Companies that use dodgy or banned building products in NSW such as non-compliant cladding may be issued fines of more than one million dollars under new laws introduced by the Berejiklian government.

The NSW government says the new regime also includes fines of up to $220,000 for individuals who breach these bans.

Under the new laws, builders, building product suppliers, manufacturers and importers will be compelled to produce their records so that dangerous products can be tracked and pinpointed. Failure to provide this information to Fair Trading will be a criminal offence, with penalties of up to $11,000 for individuals.

The fines are all part of a raft of measures stemming from the Grenfell Tower fire in London in June that killed some 80 people.

According to NSW Better Regulation minister Matt Kean, “London’s Grenfell Tower tragedy was a horrific and stark reminder of the importance of doing all we can to make people in high rise unit blocks as safe as possible.”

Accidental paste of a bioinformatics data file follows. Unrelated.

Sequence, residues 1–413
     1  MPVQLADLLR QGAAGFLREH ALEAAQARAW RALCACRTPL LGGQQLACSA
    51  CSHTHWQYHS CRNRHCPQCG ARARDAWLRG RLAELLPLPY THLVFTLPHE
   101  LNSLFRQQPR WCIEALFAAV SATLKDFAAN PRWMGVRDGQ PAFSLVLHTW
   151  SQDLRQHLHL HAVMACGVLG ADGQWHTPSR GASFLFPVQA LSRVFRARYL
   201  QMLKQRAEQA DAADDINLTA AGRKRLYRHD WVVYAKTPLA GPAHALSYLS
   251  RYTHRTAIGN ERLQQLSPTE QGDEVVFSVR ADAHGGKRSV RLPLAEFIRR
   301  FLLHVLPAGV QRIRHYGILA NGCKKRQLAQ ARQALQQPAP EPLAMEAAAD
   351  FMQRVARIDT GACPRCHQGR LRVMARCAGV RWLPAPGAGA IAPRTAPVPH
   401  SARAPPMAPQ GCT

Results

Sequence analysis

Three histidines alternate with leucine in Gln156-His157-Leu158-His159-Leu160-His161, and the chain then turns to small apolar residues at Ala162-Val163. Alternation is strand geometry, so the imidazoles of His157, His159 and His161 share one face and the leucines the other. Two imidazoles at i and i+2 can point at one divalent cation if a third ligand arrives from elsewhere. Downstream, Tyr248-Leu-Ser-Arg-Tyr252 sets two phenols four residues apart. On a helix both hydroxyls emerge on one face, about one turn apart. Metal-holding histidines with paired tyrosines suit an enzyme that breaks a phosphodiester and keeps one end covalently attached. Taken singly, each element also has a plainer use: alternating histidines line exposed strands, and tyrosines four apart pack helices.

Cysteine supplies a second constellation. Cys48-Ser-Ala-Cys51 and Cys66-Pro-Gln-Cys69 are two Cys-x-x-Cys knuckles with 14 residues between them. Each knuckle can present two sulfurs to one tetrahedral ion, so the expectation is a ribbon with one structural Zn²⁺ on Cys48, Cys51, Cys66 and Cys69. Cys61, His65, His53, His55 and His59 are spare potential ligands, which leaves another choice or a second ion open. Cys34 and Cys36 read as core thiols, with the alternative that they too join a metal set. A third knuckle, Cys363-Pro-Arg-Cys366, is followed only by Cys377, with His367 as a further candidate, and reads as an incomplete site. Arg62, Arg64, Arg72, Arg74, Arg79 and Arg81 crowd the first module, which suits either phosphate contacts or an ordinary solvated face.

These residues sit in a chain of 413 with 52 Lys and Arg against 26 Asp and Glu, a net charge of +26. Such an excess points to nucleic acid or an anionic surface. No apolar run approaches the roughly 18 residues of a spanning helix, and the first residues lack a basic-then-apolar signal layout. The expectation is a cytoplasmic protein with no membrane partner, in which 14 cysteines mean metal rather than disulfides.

“Any shonky operator who thinks they will be able to continue using the wrong product in the wrong place should think twice. We will throw the book at anyone who is found to have breached these new laws,” he says.

Once Fair Trading identifies properties where building products have been used inappropriately, local councils will be notified to force rectification where there is a safety issue. 

The NSW government says that it will also monitor councils’ progress.

“We are doing everything we can to identify unsafe buildings, and make sure they are made safe as quickly as possible,” Kean says.

According to Kean, an audit identifying buildings in NSW that are likely to contain aluminium cladding and other types of cladding has so far identified 1047 buildings that may have non-compliant cladding, according to the minister.

“In a small number of cases – fewer than 100 – where cladding has been identified, Fire & Rescue is updating its fire response plans,” he says.

“It’s important to remember not all cladding is bad, and just having cladding does not mean a building is unsafe,” Kean says.

“However, the new laws will make it easier to pinpoint buildings which may have unsafe cladding, and easier to get them fixed.”

“The fines are consistent with existing provisions under Australian consumer law regarding bans on consumer goods and product-related services,” Kean says.

“The NSW government makes no apologies for introducing tough new penalties for those who choose to flout these laws,” he says.